I don’t think you can get much more “real” than chicken feet stock- but in hopes to keep it real, I have joined in Jenny’s Real Food Challenge at The Nourished Kitchen. Every day she is emailing an assignment to help learn about the principles of a nourishing diet including the importance of grass-finished and pastured meats, wholesome fats, sprouted and soured grains and probiotic foods. (her words)
Great idea right? Think it’s easy? NO! Day #1’s assignment- throw out all the non-real food items in your pantry. Already I was a failure, and we hadn’t even gotten started yet. I was chatting with someone on twitter about it and she said just do it- you’ll fell so much better for it. I’m sure she’s right, but I am too cheap for that. And I can’t do that to the kids. So my (cheating) approach to this is baby steps.
I did go shopping yesterday and purchased some of the real foods that were on her list in day #2’s assignment. I was pleased to find every thing I wanted to buy except sprouted grain. Don’t ask me exactly what that is, I bought whole wheat flour instead. I was pleasantly surprised to find these things at my local Shaw’s: sea salt, turbinado, sucanat, quinoa, whole flaxseed, and raw honey.
I also bought a container of yogurt to use as a starter to make my own. I went to the Local Food Forum on Wednesday and was talking to a man I met there about homemade yogurt. It was something I have been thinking of for a long time and that conversation made me think now was finally the time to give a try. My most exciting purchase was Rhody Fresh Milk. If you have been reading any of my “adventures” with food, you know that I am very frugal when it comes to the grocery bill, but I also decided that it was time to put my money where my mouth is so to speak. Yea local!!
So, as far as the real food challenge is going- I am thinking more about what we are eating. I am trying some new recipes- (hint, more crazy chicken parts.) Not following the rules at all, but good enough for me.
As I mentioned, I went to the Local Food Forum this week, an annual event put on by Farm Fresh RI. This years theme was “fresh for all”- to discuss the goal of all Rhode Islander’s having access to fresh fruits and vegetables. Currently WIC gives farmers market vouchers to use as cash at approved markets. They are also starting a new program to also give separate fruit & vegetable vouchers. These could be used at farmers markets or anywhere fresh fruits or vegetables were sold.
This years keynote speaker was Gus Schumacher who was the USDA’s undersecretary for Agriculture during President Clinton’s tenure. Currently he is the chairman for the Wholesome Wave Foundation. This organization, amongst other things, matches WIC dollars for families to purchase fresh foods at local farmers markets. He discussed some innovative things happening all over the country in farmers markets and the changing faces of America’s farmers. For example, one market would give prizes to children if their parents brought them to the farmers market in successive weeks. The first was a coloring book, the next a tee shirt and the third was extra vouchers for more vegetables! In Connecticut, they are using the market mobile idea (see here for an explanation) to purchase second grade vegetables from the farmers at a reduced cost and selling them at the farmers markets for half price. This way the farmer gets some money for produce they would have otherwise had to waste and people get access to less than perfect (but still perfectly acceptable) produce. That is win-win!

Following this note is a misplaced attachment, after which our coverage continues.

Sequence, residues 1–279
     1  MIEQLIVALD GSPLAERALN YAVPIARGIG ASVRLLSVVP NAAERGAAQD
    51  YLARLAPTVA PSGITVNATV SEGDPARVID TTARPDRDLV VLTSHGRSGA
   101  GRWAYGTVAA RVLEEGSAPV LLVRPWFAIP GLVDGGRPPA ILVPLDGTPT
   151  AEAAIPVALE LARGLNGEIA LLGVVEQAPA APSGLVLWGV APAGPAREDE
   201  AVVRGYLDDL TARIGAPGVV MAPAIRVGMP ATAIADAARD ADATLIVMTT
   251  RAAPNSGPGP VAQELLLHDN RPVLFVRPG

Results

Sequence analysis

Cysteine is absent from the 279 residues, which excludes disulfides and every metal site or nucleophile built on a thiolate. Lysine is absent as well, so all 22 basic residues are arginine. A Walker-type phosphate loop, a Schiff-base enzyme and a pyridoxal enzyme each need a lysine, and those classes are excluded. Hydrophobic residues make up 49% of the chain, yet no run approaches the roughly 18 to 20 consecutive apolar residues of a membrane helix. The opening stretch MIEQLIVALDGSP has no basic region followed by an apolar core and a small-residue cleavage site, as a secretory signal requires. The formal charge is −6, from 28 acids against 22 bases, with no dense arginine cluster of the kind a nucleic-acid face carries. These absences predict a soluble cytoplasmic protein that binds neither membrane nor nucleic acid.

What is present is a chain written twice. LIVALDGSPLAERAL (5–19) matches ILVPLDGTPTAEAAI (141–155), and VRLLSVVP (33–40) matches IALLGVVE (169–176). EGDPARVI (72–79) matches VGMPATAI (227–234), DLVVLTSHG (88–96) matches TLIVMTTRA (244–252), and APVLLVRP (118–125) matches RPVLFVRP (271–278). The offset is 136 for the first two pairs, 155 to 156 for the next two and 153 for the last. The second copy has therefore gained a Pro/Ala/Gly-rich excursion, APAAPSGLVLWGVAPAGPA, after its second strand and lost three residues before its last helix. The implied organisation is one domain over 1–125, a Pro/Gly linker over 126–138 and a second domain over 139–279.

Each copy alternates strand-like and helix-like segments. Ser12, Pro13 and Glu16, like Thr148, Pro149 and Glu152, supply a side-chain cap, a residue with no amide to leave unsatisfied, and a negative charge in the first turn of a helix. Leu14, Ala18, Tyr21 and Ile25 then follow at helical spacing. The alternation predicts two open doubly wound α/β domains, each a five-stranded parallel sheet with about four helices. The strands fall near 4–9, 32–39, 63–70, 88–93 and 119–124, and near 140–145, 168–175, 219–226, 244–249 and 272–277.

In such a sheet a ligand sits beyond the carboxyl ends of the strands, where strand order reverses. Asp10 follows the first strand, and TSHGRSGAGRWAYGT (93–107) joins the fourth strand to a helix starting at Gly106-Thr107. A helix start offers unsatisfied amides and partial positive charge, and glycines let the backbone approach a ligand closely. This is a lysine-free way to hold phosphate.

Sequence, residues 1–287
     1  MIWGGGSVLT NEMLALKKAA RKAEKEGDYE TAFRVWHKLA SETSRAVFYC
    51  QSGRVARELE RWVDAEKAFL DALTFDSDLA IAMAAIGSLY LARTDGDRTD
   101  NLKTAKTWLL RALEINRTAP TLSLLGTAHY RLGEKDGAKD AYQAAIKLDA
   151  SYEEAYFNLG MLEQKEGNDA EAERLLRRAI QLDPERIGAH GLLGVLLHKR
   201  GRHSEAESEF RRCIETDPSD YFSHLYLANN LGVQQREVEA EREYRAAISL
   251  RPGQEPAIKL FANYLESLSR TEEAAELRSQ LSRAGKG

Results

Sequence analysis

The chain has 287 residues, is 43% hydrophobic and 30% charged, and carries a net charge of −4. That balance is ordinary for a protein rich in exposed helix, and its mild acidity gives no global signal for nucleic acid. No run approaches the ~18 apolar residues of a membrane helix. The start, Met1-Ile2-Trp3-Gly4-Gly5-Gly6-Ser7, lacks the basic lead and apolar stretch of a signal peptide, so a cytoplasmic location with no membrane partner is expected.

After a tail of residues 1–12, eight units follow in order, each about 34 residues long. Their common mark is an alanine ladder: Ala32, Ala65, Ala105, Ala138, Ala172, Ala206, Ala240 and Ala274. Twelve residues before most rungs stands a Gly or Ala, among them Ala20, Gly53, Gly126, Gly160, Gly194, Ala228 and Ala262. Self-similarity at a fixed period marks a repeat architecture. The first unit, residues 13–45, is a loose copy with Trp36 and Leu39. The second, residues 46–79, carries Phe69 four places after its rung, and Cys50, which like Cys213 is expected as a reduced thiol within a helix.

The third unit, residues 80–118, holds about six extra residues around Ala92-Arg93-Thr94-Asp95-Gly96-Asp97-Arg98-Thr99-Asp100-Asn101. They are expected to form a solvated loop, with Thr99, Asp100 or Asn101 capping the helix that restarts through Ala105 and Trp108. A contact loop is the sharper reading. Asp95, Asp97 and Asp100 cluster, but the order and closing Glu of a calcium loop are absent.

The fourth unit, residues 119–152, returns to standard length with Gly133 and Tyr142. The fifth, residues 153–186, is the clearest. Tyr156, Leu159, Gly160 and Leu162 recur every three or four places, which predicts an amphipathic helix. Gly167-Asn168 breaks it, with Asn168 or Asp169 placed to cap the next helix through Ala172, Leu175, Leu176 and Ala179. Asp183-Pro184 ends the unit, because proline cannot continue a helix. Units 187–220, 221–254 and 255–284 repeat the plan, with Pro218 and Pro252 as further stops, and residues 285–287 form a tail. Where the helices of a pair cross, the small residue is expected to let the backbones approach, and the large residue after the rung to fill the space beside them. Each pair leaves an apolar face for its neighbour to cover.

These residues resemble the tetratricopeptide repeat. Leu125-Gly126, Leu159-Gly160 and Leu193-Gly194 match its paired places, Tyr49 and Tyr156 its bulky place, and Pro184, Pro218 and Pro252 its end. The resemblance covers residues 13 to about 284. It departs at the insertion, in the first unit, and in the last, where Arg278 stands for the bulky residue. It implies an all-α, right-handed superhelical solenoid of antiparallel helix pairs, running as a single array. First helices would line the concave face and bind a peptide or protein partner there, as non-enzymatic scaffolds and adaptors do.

Another win-win concept is using WIC or SNAP dollars better at the farmers markets. There is about 700 million dollars going out to WIC recipients in produce dollars. What if even 1% were to go back to the local farmer? If my math is right, that 7 million dollars!! Not to mention the health benefit to the families- 30% of children under the age of 5 are pre-diabetic. What is more cost effective- paying for these children to eat more produce as children or paying for their health care costs as adults- hmmm…….
Another thing that I found to be a very progressive RI idea was Johnson & Wales has students that go to farmers markets and prepare dishes focusing moistly on WIC approved foods. Not only can parents buy healthy foods, but they can learn what to do with them & try the prepared food right on the spot.
After the keynote speaker, it was networking time. The idea was to sit with a new group of people every 15 minutes or so- they would come over the mic and encourage us to switch tables. I met so many interesting people- big & small farmers, local Tiverton farmers living right around the corner, restaurant owners, graphic designers, people interested in sustainable living, many people interested in teaching kids how to eat healthy. I even met a friend of a friend that I have been interested in connecting with for months!
After lunch (all delicious local foods) we again had round table discussions this time on specific topics. I chose to go to the new farmer table. The friends I went with went to the RI meat and local food tables. I learned a bit about what some other farmers are struggling with and met someone from the RI farm bureau and the New England Farmers Union. I wish we had more time to for a few more discussions but we had to get the kids off the bus. I was very excited to receive an email list of all who attended and their contact info so maybe I can still make some of those connections.